Andreessen Horowitz Takes Another Bite In Software Development By Funding Meteor

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Photo: Flickr/Jdlasica

Meteor, a startup that provides a modern, open-source platform for software developers to build Web apps, just nabbed $11.2 million dollars in a Series A round led by Andreessen Horowitz.The company’s main product simplifies and modernizes the process of writing Web software. It assumes that clients, whether desktop Web browsers or smartphones, can efficiently run JavaScript code and talk to a variety of cloud services from the likes of Amazon and Facebook. “Hot” code updates can be pushed live right away, rather than waiting a day or a week for conventional deployment cycles.

Meteor is a software-development company developing software for software developers, in other words—exactly the kind of business that Andreessen Horowitz likes to back.

Marc Andreessen, the cofounder of Netscape, likes to say that “software is eating the world“—so he’s been backing companies like Meteor and GitHub that help that trend along.

Matrix Partners and a wide range of angel investors also invested in the round.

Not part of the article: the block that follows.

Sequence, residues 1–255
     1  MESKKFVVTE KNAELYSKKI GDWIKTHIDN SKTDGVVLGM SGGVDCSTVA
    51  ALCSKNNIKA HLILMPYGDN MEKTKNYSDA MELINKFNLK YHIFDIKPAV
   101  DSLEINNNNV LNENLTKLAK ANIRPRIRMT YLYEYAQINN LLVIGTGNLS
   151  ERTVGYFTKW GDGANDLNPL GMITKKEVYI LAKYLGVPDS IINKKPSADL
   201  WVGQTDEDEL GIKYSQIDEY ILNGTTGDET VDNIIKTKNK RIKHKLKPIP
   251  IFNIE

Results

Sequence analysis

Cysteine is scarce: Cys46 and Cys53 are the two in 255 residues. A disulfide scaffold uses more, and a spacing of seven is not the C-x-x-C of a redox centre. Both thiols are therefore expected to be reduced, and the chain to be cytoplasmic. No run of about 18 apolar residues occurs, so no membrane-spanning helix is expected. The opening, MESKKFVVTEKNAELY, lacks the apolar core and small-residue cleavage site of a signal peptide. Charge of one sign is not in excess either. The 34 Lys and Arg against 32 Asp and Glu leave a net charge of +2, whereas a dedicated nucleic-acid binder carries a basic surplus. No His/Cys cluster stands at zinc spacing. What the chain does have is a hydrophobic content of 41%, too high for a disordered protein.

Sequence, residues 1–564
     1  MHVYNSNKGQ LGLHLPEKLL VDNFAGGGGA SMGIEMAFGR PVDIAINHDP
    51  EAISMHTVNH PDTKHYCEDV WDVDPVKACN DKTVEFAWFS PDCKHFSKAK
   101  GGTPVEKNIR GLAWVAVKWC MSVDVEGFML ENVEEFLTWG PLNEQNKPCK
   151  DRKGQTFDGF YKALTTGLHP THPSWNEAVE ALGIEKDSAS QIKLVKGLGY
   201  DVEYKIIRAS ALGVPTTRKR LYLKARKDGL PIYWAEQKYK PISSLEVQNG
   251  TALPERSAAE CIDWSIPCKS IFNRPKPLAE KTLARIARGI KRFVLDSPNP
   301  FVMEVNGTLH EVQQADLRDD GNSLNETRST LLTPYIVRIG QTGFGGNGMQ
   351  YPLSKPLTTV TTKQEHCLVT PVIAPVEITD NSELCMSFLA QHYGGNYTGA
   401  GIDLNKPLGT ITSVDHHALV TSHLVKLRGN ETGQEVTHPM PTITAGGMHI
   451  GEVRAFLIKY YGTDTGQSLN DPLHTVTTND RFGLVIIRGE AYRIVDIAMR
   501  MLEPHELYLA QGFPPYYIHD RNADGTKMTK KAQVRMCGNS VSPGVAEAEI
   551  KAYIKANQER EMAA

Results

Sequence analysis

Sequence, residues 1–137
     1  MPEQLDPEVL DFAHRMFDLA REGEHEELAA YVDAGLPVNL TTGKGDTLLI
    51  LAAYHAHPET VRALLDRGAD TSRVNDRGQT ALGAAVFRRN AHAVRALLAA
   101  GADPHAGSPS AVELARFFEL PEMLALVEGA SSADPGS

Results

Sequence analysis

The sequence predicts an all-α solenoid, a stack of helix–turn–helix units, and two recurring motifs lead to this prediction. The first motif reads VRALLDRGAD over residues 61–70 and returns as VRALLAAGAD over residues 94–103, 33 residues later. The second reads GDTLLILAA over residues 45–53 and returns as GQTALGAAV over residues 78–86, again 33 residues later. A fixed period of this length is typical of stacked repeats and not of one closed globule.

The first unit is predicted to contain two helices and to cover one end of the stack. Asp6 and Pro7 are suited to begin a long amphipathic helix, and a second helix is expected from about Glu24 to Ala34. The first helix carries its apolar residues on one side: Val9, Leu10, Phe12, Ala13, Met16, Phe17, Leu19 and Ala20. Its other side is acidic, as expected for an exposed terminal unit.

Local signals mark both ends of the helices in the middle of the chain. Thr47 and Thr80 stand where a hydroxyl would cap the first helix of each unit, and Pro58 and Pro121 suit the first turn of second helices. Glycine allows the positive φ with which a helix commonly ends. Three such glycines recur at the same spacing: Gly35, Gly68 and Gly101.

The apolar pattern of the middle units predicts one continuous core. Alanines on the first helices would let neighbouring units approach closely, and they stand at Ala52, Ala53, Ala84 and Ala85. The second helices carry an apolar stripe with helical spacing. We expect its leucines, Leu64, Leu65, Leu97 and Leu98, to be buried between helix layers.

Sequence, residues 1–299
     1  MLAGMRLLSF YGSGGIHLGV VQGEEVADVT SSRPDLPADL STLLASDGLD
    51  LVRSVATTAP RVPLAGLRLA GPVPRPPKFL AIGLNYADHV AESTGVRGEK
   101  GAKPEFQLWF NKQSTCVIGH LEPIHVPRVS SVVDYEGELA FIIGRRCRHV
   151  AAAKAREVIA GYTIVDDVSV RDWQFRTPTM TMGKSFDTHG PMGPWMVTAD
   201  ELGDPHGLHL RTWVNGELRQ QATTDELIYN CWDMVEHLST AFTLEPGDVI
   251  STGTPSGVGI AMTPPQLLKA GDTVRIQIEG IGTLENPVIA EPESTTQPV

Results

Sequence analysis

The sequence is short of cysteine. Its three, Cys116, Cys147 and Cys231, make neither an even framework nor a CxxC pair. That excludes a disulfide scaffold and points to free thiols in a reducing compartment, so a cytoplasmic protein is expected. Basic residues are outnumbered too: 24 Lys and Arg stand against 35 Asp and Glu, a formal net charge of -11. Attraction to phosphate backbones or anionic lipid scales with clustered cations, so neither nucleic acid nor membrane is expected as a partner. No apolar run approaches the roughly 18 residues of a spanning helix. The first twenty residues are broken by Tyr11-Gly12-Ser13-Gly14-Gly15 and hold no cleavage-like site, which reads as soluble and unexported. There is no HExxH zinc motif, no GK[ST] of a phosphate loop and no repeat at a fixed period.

Meteor is run by Nick Martin and Geoff Schmidt, both cofounders of MixApp, along with David Greenspan, cofounder of AppJet.

“The Meteor framework solves all of these problems. Meteor makes real-time application development dramatically faster and more approachable,” Andreessen Horowitz partner Peter Levine wrote in a blog post about the investment. “The result is real-time, cloud-based Web apps that are scalable, secure and distributed by design.

“We see this technology as fundamentally important to the future of the Web. Through this investment in Meteor, as well as our recent investment in GitHub, we at [Andreessen Horowitz] are excited to help developers build the next generation of applications.”

The funding comes less than a month after Andreessen Horowitz invested a record setting $100 million in GitHub, another startup focused on providing programmers a place to keep codes along with providing a platform for working on open-source projects.

Meteor hopes to make money with an upcoming product named Galaxy, an environment that will let enterprises securely deploy Meteor code within private corporate networks.

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